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Descendant of UVA enslaved laborers calling for scholarships to be extended to relatives

Updated: Feb. 8, 2021 at 6:11 PM EST
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CHARLOTTESVILLE, Va. (WVIR) - A descendant of University of Virginia’s enslaved laborers is calling on the school to offer scholarships to their relatives.

“This university flourished based on their blood, sweat, tears, labor, so I see that offering scholarships is a way to create an educational atonement because there’s nothing that can be done to compensate for slavery,” Myra Anderson said.

Anderson says her relatives helped build UVA in the 1800s. Her ancestor’s names are on the wall at UVA’s Memorial to Enslaved Laborers.

“One of my ancestor’s name was Thrimston Hern. That’s my sixth great uncle, and he was sold here from the estate of Thomas Jefferson in 1827 and he came to the university. He was a stonemason and he actually laid the stone foundation outside of the Rotunda. The other relatives on the wall came here at the second estate sale of Thomas Jefferson. which was in 1829, and understand that they were sold to various professors at the university,” she said.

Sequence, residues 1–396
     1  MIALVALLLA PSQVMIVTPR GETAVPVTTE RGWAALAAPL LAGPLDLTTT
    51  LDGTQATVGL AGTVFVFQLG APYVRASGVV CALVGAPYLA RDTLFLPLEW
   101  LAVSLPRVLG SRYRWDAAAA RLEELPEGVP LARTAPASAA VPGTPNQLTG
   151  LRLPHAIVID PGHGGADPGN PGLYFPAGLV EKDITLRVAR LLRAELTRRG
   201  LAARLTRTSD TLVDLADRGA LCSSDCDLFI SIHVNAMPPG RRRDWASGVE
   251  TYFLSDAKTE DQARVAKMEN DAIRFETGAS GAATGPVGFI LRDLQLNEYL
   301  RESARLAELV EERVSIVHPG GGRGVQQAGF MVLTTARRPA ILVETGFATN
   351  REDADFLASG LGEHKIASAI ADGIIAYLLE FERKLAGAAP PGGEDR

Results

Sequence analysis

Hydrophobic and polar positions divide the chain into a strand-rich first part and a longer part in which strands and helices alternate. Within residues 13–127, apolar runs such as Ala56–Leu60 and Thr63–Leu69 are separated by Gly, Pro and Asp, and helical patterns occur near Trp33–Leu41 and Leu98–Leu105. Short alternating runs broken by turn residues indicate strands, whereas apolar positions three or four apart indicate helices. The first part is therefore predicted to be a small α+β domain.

Anderson’s request follows a recently passed bill in the House of Delegates that requires some public colleges in Virginia to offer scholarships to descendants of enslaved laborers.

HB 1980, titled the Enslaved Ancestors College Access Scholarship, recently passed in the House by a vote of 61-39. It would require Longwood University, UVA, Virginia Commonwealth University, Virginia Military Institute, as well as the College of William & Mary to offer scholarships to descendants of enslaved laborers. The bill is now heading to the Senate.

“It shouldn’t take a state mandate to encourage you to do the right thing,” Anderson said.

The University of Virginia talked about creating scholarships for descendants in the President’s Commission on Slavery and the University in 2018, but Anderson says it’s time for action over symbolism.

“Words without action are obsolete, and I’m calling on the university to give us some concrete. First of all, to commit to these legacy scholarships. You’ve already have it in your blueprint in the commission, and then to announce time specific dates that they’re doing to make this happen,” Anderson said.

NBC29 reached out to UVA about HB 1980, a spokesperson says the university does not comment on pending legislation. However, the spokesperson said the University of Virginia is working to promote diversity and inclusion on-UVA Grounds, in the admissions process, and in its approach to financial aid and scholarships.

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